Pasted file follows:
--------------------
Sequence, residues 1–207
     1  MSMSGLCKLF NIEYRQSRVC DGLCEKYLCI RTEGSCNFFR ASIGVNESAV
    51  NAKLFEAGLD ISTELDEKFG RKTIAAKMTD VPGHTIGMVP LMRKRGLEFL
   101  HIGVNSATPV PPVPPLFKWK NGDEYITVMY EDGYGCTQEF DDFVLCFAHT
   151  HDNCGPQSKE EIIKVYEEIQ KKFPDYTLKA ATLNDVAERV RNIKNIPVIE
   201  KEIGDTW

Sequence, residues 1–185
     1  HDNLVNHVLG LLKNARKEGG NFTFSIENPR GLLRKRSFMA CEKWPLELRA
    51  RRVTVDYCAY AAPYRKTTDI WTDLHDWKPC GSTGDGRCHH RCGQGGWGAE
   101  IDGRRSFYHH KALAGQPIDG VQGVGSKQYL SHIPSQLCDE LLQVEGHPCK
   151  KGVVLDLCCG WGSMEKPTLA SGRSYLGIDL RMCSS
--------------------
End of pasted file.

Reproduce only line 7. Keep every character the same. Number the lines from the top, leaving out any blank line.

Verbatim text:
Sequence, residues 1–185